Your hard drive will lose all data at the most inconvenient time.  For example, it will breakdown minutes before you submit your college-application essays.  Would you like to rewrite the whole thing again?   No, so don’t trust your hard drive.  Trust the hard drives online.  These backed up your data in more than one drive, so even if one hard drive fails, you won’t even notice.  Even if online storage company suffers a catastrophic failure, such as the whole building being destroyed, your data will come back soon because they store it on several locations. can upload all your important data to online hard drives several ways.  First, try Dropbox.  It’s easy and free for up to 2GB.  What’s best about Dropbox is that you don’t have to change any of your habits.  Once you install this software, any file you save into a specified folder is saved online in the Dropbox hard drive automatically.  You can access the same file from several computers, or even access them from your smartphone and from other computers at anywhere.

A second option is to work online, such as on Google Docs.  It is also free.   The downside is that they have less features, and they tend to slow down when the data/files get too big.

Some of these services are not free.  For example, Dropbox charges $9.99/month for 50GB of online storage.  Here’s a way to decide a fair price: Suppose you lost all your data today.  How much would you pay to bring back the data you lost?  You should be willing to pay 1/100 this amount every month to have your data backed up online.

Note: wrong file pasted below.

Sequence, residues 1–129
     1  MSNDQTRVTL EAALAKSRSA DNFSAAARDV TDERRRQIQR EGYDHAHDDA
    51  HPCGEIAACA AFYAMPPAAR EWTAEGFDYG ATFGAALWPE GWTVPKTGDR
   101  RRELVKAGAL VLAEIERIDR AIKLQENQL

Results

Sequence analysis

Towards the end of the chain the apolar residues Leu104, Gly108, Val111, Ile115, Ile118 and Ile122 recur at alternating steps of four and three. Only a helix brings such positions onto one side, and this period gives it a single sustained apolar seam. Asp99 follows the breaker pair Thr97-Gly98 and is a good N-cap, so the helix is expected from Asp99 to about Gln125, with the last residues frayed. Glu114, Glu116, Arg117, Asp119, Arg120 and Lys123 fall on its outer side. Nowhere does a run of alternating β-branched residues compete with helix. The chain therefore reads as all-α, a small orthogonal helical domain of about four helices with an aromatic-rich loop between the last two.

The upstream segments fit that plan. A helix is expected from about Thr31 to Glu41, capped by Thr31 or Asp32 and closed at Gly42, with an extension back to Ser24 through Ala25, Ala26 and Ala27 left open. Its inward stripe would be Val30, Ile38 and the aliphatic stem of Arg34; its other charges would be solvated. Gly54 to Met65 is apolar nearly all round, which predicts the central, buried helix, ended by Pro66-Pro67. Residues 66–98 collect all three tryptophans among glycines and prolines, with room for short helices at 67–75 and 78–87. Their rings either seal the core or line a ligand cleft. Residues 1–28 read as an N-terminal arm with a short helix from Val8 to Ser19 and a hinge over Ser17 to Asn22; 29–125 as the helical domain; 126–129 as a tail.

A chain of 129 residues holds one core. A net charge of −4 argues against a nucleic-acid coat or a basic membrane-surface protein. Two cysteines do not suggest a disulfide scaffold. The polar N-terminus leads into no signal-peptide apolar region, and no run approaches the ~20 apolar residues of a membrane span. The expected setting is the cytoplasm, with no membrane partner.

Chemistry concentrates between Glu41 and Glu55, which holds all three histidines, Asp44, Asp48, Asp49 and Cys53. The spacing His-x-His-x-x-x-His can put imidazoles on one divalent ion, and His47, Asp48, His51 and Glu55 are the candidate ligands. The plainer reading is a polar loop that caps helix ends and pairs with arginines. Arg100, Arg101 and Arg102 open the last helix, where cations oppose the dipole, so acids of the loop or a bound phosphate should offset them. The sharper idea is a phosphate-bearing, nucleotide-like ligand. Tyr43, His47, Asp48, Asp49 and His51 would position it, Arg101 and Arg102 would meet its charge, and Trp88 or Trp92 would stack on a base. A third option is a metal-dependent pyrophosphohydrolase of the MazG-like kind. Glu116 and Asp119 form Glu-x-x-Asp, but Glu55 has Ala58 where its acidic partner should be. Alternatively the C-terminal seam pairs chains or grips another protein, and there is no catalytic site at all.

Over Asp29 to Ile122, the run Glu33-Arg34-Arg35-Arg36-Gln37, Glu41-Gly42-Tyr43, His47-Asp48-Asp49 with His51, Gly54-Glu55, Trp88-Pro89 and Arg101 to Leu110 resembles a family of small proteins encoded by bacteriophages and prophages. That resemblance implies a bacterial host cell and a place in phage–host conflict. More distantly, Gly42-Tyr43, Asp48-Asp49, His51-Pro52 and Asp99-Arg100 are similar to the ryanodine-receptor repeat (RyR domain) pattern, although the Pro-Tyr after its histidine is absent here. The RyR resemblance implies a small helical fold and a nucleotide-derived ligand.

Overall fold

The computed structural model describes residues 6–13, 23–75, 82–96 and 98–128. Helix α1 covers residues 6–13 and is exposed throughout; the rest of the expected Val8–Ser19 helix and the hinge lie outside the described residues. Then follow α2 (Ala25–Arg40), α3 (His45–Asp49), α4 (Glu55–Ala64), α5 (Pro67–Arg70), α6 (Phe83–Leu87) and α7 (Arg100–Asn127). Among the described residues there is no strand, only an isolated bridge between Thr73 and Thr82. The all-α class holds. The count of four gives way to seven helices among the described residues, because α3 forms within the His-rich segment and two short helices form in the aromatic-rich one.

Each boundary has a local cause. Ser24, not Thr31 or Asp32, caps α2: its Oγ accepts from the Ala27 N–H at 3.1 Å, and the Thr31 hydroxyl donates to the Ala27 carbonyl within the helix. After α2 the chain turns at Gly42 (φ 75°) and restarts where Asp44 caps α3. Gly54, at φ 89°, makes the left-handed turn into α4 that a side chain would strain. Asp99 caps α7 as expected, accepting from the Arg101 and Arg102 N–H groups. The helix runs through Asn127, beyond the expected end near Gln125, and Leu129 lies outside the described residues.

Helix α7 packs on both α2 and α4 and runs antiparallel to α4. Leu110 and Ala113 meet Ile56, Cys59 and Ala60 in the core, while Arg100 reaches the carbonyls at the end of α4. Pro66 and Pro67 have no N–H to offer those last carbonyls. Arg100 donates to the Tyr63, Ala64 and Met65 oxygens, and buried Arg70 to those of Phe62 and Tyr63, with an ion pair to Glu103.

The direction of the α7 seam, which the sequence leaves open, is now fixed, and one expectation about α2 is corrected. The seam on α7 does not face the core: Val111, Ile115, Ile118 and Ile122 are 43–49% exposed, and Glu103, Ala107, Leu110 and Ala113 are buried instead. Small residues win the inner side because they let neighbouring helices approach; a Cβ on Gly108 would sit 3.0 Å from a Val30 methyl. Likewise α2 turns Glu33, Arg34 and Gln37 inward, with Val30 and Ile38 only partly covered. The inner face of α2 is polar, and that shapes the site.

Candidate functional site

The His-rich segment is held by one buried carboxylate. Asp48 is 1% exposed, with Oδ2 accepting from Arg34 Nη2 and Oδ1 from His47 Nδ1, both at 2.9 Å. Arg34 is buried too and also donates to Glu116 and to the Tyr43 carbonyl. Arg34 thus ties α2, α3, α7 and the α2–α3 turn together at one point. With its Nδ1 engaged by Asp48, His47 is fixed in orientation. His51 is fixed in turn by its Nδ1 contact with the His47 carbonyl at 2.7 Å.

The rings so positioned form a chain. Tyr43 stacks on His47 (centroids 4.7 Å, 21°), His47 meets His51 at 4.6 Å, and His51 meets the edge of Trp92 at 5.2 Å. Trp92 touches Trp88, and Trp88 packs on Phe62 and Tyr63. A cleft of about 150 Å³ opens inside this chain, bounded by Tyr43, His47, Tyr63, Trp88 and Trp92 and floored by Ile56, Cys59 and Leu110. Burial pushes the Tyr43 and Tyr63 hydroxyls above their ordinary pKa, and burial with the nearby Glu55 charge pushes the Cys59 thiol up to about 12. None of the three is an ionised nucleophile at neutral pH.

Some large data, such as photo or video files, are too expensive to store online.  For these, buy two external hard drives.  The inconvenient part is that it’s hard to synchronize (automatically have an exact copy) small changes you make every minute while editing or working on the document.  So put any files you’re working on into your Dropbox folder.  And when you’re done working on the project and ready to archive it, just pull it out of Dropbox and put it onto your external hard drives.  Two drives with identical contents, one at home and one at another location to guard against a catastrophic loss — such as fire or flood — at one location.  This frees up your Dropbox space for more changing files.

External hard drives cost a lot, but think about what it would feel like to lose every document, video, photo, and audio file you have ever created.  What would you pay to get these back?  Considering this, the price of external storage is pretty cheap.   By the way, it may make you feel better to know that these drives used to cost ten times as much only a few years back.

Managing your information is a critically important skill in this information age.  And designing your life in such a way that you will never have to waste time looking for, or recovering lost files would automatically boost your productivity far ahead of your accident-prone, fate-blaming peers.